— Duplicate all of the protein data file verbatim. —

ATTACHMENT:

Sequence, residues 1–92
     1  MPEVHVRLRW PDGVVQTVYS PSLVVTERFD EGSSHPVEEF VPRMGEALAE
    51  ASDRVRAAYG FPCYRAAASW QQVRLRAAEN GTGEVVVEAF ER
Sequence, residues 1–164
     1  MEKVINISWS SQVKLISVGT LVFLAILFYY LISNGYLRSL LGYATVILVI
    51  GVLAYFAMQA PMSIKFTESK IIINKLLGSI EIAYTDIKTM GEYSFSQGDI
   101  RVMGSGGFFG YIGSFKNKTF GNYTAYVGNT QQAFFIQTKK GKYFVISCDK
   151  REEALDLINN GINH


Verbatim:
Sequence, residues 1–92
     1  MPEVHVRLRW PDGVVQTVYS PSLVVTERFD EGSSHPVEEF VPRMGEALAE
    51  ASDRVRAAYG FPCYRAAASW QQVRLRAAEN GTGEVVVEAF ER
Sequence, residues 1–164
     1  MEKVINISWS SQVKLISVGT LVFLAILFYY LISNGYLRSL LGYATVILVI
    51  GVLAYFAMQA PMSIKFTESK IIINKLLGSI EIAYTDIKTM GEYSFSQGDI
   101  RVMGSGGFFG YIGSFKNKTF GNYTAYVGNT QQAFFIQTKK GKYFVISCDK
   151  REEALDLINN GINH